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Drugs are classified into three main types namely, depressants, stimulants and hallucinogens. This classification is done by how different drugs affect the central nervous system. However, it should be noted that most drugs fit into one or even more categories. Here is a look at each type and some examples under each.
These are drugs that slow down a person's central nervous system hence making him feel less tense, relaxed and less aware of the events around them. In modest doses, depressants can make a person feel relaxed. There are depressants that cause ecstasy and a sense of well-being and calm. These drugs might be used to reduce stress, anxiety or inhibition. Depressants affect concentration, coordination and judgment since they slow you down. For this reason, it is hazardous to drive or operate machinery when under these drugs.
Depressants can lead to unconsciousness by reducing heart rate and breathing, if administered in larger doses. One's speech might become slurred and his movements uncoordinated and sluggish. Other impacts of larger doses include nausea, vomiting and death, in extreme cases. Depressants increase their effects and danger of overdose, when taken in combination.
Examples of depressants are: alcohol, opiates and opioids, which include heroine (also referred to as 'hammer', 'H', 'gear' and 'smack'), codeine, buprenorphine, methadone and morphine. Another drug under this type is cannabis (also known as 'smoke', 'weed', 'cone', 'dope', 'mull' and 'green'). Cannabis includes hashish, hash oil and marijuana. In stronger concentrations like in resin and hashish, cannabis can act as a hallucinogen on top of being a depressant to the central nervous system. Sleeping pills, ketamine and prescription pain killers such as Oxycontin are also under this drug category. Some solvents and inhalants, which include vapors from glue, chrome paint and petrol, are also in this category.
Unlike the depressants, stimulants are designed to speed up the functioning of the central nervous system. Many people use stimulants on a daily basis from different sources. This includes caffeine, which is found in coffee, cola and tea drinks. This is a mild stimulant. Nicotine, which is found in tobacco, is a stimulant, although many smokers use it to relax. Another stimulant is ephedrine, used in bronchitis, asthma and hay fever medications. Stronger stimulant drugs include cocaine, methamphetamines and amphetamines, and dexamphetamine, which are prescribed to treat narcolepsy and attention-deficit disorder in kids.
Stimulants arouse or speed up the central nervous system of a person and can make users to feel more alert, awake and confident. These drugs increase heart rate, blood pressure and body temperature. Other physical effects of stimulants include dilated pupils, sleep disturbance, agitation, talkativeness and reduced appetite.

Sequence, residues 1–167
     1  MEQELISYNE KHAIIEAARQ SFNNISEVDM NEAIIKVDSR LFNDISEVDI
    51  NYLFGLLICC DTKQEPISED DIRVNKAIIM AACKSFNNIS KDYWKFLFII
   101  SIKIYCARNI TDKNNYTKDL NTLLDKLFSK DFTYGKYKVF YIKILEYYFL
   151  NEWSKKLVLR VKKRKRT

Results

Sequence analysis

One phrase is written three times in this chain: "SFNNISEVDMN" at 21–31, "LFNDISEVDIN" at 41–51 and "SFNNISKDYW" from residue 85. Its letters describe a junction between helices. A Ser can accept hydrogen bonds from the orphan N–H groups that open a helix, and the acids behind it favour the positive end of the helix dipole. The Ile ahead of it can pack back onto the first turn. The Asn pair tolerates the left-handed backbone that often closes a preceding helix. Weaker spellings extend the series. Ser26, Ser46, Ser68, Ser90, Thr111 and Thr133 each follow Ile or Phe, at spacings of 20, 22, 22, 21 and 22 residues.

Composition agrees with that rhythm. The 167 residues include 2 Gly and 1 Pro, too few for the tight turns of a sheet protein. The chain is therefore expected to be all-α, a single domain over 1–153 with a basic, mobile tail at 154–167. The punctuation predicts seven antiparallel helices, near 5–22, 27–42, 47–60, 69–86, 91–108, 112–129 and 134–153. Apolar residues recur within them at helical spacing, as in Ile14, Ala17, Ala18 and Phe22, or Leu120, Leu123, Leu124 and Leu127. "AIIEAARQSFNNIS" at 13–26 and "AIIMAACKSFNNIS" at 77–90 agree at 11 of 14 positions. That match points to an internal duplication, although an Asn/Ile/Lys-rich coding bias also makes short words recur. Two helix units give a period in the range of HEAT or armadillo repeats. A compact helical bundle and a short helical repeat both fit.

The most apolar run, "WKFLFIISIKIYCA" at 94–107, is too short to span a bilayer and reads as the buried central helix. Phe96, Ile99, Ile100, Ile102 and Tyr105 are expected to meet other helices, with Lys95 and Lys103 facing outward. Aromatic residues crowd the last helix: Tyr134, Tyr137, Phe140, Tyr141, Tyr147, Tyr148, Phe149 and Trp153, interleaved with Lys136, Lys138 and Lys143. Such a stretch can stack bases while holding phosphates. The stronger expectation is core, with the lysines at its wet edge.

Higher doses of these drugs make the user 'over-stimulated', causing panic, anxiety, headaches, aggression, paranoia, seizures and stomach cramps. They can also lead to heart issues such as arrhythmia. Sustained or prolonged use of stimulants may cause these impacts. Strong stimulants can disguise the impacts of depressant drugs, like alcohol. This increases the likelihood of aggression, and creates an obvious hazard if one is driving.
These drugs are at times called 'mind-expanding' or 'mind-altering' drugs. They distort the way in which the user perceives reality. They can increase one's awareness of touch, sight, hearing, feeling and taste. Objects might take different sizes and shapes, sounds might be heard softer or louder. These drugs include: magic mushrooms, mescaline, ketamine, ecstasy, which produces a combination of stimulant and hallucinogenic effects, and LSD (lysergic acid diethylamide).
The major physical impacts of hallucinogenic drugs are loss of appetite, dilation of pupils, jaw clenching, sweating, talking or laughing, increased activity and at times nausea or stomach cramps. Drug effects include a sense of psychological and emotional euphoria and well-being. Auditory, visual and tactile hallucinations might occur, causing the users to hear or see things that do not really exist. The impacts of hallucinogens are not easily predictable and the user might behave in a manner that appears bizarre or irrational. Psychological effects often are determined by the user's mood as well as the context of use.
Harmful effects of hallucinogens include paranoia, loss of contact with the reality and panic. In intense cases, this can lead to dangerous behavior that might put the user and other people around him at great risk. It is extremely hazardous to driver when under the influence of hallucinogens.
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